I ran through the finish line in second position in my age group and third women overall. I collapsed on the floor. I was done, my legs were broken, and my entire body and mind were exhausted. I can proudly walk away from this race saying I gave it my all. My official time was 9:25:00, I completed the swim in 58:00, bike in 4:58:00 and my run in 3:26:00. Running across the finish line, I couldn’t help but think about the amazing sponsors who have supported me in getting to the start line, it made it so much more special and emotional. It means the world to me, to be able to give back to the people who tolerated my cancelations, tiredness, moodiness and not to forget walking the road with me in support on runs, cycles and swims to get me to Kona. Thank you.
I have Unfinished Business in Kona 🌸
I’m second in the 25-29 age group category and third woman overall in the world. I’ll take that home with a big smile on my face. I have unfinished business in Kona. This has been my best racing and training year to date since I started as a rookie eight years ago with triathlon. I had to learn how to ride a bike over long distances and improve significantly on my swim and run.
The year 2023 has been full of difficulties, but the hard work paid off for the biggest race in my career thus far. I’ve never been closer to being able to take the next step in pursuing my dream of standing on the start line as a professional Triathlete in 2024.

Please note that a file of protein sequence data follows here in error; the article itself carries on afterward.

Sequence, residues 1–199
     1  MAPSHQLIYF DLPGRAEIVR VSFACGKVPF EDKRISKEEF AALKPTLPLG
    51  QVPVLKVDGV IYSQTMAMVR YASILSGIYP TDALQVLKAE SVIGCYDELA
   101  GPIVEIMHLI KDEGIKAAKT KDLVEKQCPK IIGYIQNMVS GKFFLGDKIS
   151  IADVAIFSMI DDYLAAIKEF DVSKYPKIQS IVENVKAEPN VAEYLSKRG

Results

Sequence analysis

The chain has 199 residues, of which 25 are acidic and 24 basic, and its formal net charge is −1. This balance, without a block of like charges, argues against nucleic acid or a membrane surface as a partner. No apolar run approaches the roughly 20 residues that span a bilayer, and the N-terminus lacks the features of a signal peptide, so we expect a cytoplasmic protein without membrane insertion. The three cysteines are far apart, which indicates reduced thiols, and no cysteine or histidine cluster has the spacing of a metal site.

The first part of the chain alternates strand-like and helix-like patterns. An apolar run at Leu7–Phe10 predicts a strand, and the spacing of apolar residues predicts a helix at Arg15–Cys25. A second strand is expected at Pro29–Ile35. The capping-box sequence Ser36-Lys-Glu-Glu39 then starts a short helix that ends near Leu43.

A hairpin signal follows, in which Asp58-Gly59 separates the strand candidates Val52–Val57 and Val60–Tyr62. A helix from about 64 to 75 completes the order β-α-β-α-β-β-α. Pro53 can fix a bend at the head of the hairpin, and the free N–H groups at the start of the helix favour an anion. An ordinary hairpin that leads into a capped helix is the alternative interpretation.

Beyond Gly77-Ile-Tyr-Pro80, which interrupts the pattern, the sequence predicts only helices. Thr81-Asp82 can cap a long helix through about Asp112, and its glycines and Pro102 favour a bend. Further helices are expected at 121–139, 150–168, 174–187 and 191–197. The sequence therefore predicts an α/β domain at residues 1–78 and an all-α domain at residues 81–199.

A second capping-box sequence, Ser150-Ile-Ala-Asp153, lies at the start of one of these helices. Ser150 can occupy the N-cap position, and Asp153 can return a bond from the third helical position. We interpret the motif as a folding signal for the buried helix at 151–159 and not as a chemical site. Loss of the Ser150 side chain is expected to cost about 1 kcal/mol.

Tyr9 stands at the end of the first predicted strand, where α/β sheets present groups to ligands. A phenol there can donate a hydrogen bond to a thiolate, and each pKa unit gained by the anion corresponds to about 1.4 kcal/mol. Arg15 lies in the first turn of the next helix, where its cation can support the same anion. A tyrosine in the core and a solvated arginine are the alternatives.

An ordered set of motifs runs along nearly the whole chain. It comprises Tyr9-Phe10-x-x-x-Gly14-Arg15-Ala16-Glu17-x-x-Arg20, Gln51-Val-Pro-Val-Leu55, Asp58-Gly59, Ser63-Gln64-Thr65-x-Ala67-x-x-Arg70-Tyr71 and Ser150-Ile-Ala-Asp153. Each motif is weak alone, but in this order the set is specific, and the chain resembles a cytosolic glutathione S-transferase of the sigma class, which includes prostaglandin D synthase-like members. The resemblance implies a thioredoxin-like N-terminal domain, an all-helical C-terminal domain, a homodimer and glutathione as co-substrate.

I love inspiring those who follow me 💗
It’s extremely exciting to be able to share my experience in Kona on the Muuvr app. I’m quite transparent when it comes to training and allowing others to see what I do, as it’s all part of the journey. Muuvr allows me to document my training whilst earning Muuvs as I go. I love inspiring those who follow my journey as a triathlete, from the seasoned campaigner to those starting the sport for the first time.
I wouldn’t be where I am without the endless support from my boyfriend David, my family and sponsors. They all passionately believe in me and my dreams of becoming a professional triathlete. (Muuvr, CATFP, Insiders, NutriperformX, SponsorFood) 🎥 You can follow Michelle’s journey in 2024 here 🦾 Has Michelle inspired you? Why not take on one of our challenge’s here